Your book looks at two hundred years of social and ecological transformation of the East Pokot in north-west Kenya, how did you decide on this specific time frame and was there a certain period of time that interested you more?

The choice of this period was not random, but based on the reports of the elderly Pokot, as also reproduced in scientific publications, that about 200 to 250 years ago the pastoral section of the Pokot formed and inhabited in the Rift Valley. Since I intended to deal with pastoral livelihoods and the pastoral landscape north of Lake Baringo, and the sources for this period are fairly good, I decided to delve back into history a little deeper than initially planned.

Your book is the first in the Future Rural Africa series from James Currey. What does the series hope to achieve? 

I am very pleased that my book will be published in this series and I think that in the coming years many different contributions will feature in it, offering both a detailed description of rural livelihoods and how these are related to regional, national and global issues. One of the particular strengths of this book series is the focus on rural areas and their entanglements beyond the local context, as well as the consideration of historical transformation processes.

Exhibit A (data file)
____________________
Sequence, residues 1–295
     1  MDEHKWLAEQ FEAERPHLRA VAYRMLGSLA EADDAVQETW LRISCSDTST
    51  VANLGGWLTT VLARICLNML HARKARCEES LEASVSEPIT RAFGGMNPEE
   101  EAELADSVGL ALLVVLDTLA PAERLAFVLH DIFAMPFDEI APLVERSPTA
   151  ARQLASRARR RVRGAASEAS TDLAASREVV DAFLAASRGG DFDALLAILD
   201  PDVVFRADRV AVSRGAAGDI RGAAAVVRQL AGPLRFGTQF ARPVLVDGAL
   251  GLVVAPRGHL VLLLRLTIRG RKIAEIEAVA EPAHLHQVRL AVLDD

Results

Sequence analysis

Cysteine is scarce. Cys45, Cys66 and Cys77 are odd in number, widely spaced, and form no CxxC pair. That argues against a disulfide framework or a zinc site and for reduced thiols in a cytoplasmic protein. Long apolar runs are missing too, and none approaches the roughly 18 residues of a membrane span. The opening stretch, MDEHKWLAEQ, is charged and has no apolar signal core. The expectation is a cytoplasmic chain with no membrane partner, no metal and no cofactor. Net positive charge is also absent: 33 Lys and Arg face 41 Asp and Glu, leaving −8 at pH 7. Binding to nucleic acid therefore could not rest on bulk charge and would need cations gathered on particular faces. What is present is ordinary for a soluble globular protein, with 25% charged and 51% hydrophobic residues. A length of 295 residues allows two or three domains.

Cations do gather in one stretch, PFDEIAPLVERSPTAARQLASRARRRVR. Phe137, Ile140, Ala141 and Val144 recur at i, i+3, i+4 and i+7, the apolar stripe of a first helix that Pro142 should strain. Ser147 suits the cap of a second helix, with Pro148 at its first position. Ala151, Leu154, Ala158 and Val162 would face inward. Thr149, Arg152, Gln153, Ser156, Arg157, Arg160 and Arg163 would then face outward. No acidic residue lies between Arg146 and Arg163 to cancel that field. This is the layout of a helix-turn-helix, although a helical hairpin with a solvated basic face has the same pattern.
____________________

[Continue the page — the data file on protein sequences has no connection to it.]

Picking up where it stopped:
In my book, I seek to accomplish this by examining both the history of pastoral Pokot and the changes in local livelihoods over time along with a changing environment. It is important for me to illustrate that neither environmental changes exert a unilateral influence on pastoral livelihoods, nor vice versa. Rather, I intend to demonstrate that a variety of processes have influenced each other over this relatively short period of 200 years, such as wildlife hunting, the ivory trade, the use of fire for rangeland management, and colonial practices that, when understood as continuities, extend their legacies into the present. Yet similarly, land-use changes affect the local environment and enable landscape transformations, which in their turn create new challenges for certain parts of the population (as can be seen in the case of ecological invasion processes).